Adv de Lange seemed to think his knowledge based on the first testing would be admissible.
He stated that they would draft a new alternative to Section 37 and that it would appear in this act, or possibly the Criminal Procedure Act.
Adv de Lange then addressed members of the Health Department who entered the meeting briefly. He summarised the decisions the Committee has made with regards to the Compulsory Testing Bill and the need for a second part to the Bill.
One member of the Health Department stated that the Department was supporting this Bill but noted that the Department had been working towards anonymous testing. The Health Department had been working toward anonymity and privacy, which is contradictory to this Bill.
Adv de Lange suggested that the member of the Health Department speak with Mr Basset from the Department of Justice about building in checks and balances for confidentiality.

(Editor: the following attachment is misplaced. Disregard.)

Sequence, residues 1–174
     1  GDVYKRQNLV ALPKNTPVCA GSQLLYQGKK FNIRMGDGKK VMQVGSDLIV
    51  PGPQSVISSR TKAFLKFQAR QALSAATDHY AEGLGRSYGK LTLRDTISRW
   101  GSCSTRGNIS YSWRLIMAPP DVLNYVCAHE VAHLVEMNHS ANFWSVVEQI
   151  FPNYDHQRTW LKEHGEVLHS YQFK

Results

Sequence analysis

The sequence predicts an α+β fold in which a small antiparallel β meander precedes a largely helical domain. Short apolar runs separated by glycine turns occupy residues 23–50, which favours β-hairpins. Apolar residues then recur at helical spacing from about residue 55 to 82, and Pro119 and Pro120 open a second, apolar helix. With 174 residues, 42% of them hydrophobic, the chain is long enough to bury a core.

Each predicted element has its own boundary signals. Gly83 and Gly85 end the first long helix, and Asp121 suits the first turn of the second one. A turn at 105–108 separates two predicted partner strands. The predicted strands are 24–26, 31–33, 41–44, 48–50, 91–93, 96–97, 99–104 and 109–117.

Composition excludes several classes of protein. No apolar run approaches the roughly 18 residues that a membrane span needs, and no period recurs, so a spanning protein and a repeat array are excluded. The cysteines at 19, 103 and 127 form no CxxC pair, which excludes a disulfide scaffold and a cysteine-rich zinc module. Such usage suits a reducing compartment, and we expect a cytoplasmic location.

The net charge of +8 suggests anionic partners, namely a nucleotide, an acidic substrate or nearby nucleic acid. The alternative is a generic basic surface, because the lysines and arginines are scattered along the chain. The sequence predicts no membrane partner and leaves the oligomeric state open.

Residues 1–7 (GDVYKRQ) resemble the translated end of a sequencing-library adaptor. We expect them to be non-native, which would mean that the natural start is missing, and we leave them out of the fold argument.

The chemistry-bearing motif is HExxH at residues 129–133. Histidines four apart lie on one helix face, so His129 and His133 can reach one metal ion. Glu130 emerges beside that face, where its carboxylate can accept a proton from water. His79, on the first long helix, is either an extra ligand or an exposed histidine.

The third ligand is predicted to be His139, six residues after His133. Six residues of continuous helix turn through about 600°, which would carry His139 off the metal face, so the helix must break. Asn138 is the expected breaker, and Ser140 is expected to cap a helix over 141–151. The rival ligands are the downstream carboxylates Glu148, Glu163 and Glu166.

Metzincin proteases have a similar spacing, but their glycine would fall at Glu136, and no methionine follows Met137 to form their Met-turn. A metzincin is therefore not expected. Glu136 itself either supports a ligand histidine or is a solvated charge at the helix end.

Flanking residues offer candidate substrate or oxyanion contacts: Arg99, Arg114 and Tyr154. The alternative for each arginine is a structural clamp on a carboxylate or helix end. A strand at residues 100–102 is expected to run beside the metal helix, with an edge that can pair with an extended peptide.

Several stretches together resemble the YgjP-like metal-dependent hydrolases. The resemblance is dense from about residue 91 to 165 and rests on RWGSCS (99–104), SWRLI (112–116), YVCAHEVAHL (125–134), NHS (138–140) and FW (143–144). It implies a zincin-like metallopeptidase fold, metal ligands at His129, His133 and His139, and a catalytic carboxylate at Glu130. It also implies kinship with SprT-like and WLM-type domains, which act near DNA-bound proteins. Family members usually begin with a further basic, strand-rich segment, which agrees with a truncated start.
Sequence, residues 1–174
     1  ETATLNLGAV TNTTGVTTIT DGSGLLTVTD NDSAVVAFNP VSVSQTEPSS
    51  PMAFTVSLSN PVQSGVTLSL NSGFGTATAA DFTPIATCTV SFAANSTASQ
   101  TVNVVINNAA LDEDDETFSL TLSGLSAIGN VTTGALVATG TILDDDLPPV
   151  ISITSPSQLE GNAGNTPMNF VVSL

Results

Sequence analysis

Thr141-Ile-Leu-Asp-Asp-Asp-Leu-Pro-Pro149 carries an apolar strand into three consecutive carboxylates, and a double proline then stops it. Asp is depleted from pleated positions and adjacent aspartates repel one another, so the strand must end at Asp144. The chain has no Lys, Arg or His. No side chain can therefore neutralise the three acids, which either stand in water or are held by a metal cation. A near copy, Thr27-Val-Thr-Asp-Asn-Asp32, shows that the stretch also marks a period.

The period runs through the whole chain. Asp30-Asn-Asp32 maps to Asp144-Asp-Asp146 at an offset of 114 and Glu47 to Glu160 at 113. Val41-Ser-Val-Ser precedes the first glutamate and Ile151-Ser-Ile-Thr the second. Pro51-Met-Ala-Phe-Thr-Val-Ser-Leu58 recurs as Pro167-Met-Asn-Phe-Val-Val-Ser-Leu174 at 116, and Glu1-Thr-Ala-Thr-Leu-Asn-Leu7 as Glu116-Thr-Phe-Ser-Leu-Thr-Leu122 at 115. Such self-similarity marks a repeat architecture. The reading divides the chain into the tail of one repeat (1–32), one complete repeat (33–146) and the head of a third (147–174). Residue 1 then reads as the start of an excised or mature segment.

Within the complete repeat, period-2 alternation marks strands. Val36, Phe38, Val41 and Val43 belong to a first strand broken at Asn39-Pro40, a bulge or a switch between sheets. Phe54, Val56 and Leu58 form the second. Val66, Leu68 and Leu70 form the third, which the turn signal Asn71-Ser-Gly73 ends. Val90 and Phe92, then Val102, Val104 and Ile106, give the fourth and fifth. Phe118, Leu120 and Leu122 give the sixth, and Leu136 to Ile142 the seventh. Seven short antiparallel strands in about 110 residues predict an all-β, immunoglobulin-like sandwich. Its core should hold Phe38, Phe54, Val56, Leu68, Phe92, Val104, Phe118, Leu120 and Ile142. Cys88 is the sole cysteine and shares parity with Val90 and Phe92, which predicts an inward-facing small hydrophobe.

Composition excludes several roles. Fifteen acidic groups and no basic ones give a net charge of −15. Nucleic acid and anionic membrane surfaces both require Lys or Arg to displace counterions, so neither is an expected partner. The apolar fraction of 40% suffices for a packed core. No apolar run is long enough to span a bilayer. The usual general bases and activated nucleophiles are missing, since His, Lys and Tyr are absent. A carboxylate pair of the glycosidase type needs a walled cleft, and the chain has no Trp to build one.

Adv de Lange made it clear that the Committee had no sympathy for people who had knowledge of their own HIV/AIDS status and yet were sexually active.
The Health Department asked about the victim's three-month window.
Adv de Lange stated that there will have to be two testing times, 90 days apart to be safe. He reiterated that the Committee would do everything necessary to make the tests fair and medically feasible. If two tests are necessary, the Bill will stipulate two tests.
He thanked everyone for attending and noted that once the Bill has been redrafted, all of the Committees interested in the Bill would have a chance to give further input.
Criminal Procedure Amendment Bill
Adv de Lange turned to the Summary of Submissions on the Criminal Procedure Amendment Bill and engaged Mr Johan de Lange and Mr du Preez in discussions regarding that Bill. He stated that the Summary of Comments included news and views from magistrates and judges throughout the country concerning the appeals process. He noted that, of course, the Constitutional Court embraces the procedure of no automatic appeal.